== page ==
On both occasions, the national media regarded the fans as hooligans. Still the FA did nothing - apart from imposing a suspended points reduction sentence on the club in an attempt to deter further "trouble".
A deal was done for the club to stay at the Goldstone for one more year, but that only delayed the inevitable.
Albion's supporters decided to organise a series of alternative protests over the following season, designed not only to grab the national media's attention but also the support of fans of other clubs across the UK.
You name it, they staged it - boycotts of Focus DIY stores, a march through London, mass walkouts at home games, the burning of effigies of Archer and club chief executive David Bellotti on Bonfire Night, and so on.
Most memorable of all was a "Fans United Day" coinciding with a home game against Hartlepool. Supporters of clubs throughout Europe converged on Brighton for a good natured, yet vocal demonstration. Our message was loud and clear - if it can happen to our club, it can happen to yours.
Having imposed a two-point fine on us after yet another pitch invasion, the FA finally bowed to increasing pressure from fans and the media by agreeing to act as mediator in talks between supporters, the board and a new consortium reportedly interested in rescuing the club.
Despite being subjected to almost unimaginable levels of abuse, Archer and Bellotti still refused to budge from their posts.
It was almost as though they got some perverse kick from all the hostility, revelling in the notoriety that issuing writs against law abiding supporters - or ignoring police advice to stay away from games - brought with it.
In September 1997, Archer finally signed a deal giving up his majority shareholding in the club, surrendering power to the consortium led by the man many regard as Albion's saviour, longtime supporter and former advertising guru Dick Knight.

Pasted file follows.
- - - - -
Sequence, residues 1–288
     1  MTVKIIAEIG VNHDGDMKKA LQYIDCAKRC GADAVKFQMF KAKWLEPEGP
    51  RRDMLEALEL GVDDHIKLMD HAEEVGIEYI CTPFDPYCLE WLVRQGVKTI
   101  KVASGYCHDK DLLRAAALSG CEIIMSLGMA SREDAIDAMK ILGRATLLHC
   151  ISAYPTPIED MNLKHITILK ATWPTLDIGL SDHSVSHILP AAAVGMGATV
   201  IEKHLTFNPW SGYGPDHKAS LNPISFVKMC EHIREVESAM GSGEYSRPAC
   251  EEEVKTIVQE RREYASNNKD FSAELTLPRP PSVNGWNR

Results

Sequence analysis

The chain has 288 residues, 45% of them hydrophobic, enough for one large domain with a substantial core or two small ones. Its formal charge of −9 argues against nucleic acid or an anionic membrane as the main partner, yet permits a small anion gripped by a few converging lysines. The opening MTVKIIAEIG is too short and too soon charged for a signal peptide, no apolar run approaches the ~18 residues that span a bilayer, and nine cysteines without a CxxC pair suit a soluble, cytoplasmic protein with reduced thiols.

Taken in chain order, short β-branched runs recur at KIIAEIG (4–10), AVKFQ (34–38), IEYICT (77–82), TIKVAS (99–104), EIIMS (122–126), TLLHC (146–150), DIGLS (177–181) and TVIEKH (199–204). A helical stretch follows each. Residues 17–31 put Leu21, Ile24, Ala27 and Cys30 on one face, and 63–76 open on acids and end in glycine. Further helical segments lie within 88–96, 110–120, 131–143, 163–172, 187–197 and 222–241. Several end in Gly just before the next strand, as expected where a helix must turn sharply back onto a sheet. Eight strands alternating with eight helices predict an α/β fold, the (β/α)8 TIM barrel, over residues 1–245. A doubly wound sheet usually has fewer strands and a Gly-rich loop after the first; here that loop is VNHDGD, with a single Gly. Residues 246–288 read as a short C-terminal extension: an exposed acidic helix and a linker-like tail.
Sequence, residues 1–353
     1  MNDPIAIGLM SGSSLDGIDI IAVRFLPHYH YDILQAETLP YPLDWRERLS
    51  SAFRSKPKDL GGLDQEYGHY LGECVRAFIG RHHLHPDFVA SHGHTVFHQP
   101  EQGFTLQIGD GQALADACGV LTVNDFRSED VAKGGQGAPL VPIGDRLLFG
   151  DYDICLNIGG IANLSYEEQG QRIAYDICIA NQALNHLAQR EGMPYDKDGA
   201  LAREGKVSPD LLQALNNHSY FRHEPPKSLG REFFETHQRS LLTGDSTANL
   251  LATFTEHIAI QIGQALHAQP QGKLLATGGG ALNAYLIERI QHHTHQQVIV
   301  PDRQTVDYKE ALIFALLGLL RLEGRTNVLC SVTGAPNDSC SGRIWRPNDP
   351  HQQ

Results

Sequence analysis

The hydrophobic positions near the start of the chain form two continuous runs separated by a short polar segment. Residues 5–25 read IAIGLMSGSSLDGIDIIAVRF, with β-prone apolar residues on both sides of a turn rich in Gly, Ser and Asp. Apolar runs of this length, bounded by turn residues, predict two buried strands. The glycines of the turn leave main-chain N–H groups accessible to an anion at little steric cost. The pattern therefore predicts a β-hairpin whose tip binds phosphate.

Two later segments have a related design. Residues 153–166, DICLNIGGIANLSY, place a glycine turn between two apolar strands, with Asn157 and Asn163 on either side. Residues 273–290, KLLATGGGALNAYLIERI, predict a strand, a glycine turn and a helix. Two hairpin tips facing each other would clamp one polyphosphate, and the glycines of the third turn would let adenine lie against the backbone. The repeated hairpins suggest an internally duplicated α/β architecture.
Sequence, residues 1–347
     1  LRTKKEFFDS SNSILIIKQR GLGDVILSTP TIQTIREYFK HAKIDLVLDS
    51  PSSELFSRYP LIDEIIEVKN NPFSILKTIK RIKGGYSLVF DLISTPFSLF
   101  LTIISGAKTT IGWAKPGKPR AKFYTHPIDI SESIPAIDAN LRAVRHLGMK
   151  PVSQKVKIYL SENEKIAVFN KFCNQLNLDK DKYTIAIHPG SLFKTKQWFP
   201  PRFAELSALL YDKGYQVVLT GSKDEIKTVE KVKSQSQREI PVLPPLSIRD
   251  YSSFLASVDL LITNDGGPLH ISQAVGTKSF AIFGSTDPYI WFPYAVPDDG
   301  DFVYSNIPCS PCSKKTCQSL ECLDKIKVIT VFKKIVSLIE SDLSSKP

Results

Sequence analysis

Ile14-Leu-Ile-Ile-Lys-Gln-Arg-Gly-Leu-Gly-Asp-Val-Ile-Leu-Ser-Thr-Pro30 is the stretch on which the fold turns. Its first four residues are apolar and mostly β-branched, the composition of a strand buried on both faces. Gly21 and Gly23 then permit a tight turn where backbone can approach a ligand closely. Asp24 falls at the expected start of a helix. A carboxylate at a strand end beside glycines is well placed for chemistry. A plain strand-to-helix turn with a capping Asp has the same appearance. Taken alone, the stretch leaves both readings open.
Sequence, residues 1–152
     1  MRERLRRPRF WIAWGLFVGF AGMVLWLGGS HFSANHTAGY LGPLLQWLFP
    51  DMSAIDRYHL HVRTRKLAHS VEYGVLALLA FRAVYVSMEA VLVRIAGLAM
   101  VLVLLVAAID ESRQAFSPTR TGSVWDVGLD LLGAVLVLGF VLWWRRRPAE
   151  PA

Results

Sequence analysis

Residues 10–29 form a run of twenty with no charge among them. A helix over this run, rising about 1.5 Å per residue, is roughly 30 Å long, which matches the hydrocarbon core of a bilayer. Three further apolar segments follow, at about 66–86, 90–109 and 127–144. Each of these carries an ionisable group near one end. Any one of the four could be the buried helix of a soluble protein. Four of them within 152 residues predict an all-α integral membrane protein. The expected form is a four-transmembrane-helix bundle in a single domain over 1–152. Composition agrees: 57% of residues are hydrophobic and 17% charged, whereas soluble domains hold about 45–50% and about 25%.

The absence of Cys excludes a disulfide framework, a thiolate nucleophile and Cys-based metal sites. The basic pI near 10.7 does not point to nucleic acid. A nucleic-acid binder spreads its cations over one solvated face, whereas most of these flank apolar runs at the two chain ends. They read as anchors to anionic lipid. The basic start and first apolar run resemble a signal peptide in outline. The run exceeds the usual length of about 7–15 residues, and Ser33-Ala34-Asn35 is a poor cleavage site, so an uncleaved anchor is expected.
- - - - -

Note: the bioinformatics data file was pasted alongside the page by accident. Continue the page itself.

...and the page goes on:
By then the Goldstone had been demolished to make way for a retail park, and the team was playing its home games at Gillingham, a round-trip of 150 miles. But at least we still had a club.
In 1999, we returned to Brighton and our current temporary home of Withdean, capacity 6,800 - totally insufficient for a club that this Sunday will take 30,000 supporters to Cardiff for the Division Two play-off final.
Without Falmer - the only viable site in an area sandwiched between the sea and the rolling hills of the South Downs - Albion's future remains uncertain. Archer and Bellotti may be history, but their legacy still burdens us.
In hindsight, it's amazing to think how naïve we all were. You take it as gospel that the men in charge of your football club have its best interests at heart.
Unfortunately, that's not always the case, as we discovered to our cost.
In the words of the spontaneous chant that rang around Brighton's North Stand on Fans United Day - 'Football! United! Will Never Be Defeated!'
WHAT YOU CAN DO... by SPENCER VIGNES
* Identity the exact nature of your problem. Find qualified accountants and solicitors among your fanbase who will happily transcribe accounts and legal jargon.
* Unite the wide range of supporters into a broad alliance with a broad leadership. Sing from the same hymn sheet.
* Debate the situation openly at public meetings, and through smaller groups in pubs, on the phone and through the internet. Keep rumours to a minimum, and learn to spot false information.
* Communicate your concerns clearly to the Press, media, politicians and the FA. Make friends with journalists.
* Enlist the solidarity of fans from other clubs, especially ones who have had similar problems. Call a Brighton supporter!
* Make your protests imaginative.
* Don't resort to violence, no matter how tempting.
* Never take the word of your enemy for granted. It's not true until the document is signed.
* Never give up. Be brave. Better to feel stupid and intimidated than to sit back and do nothing.
GIVE US A SHOUT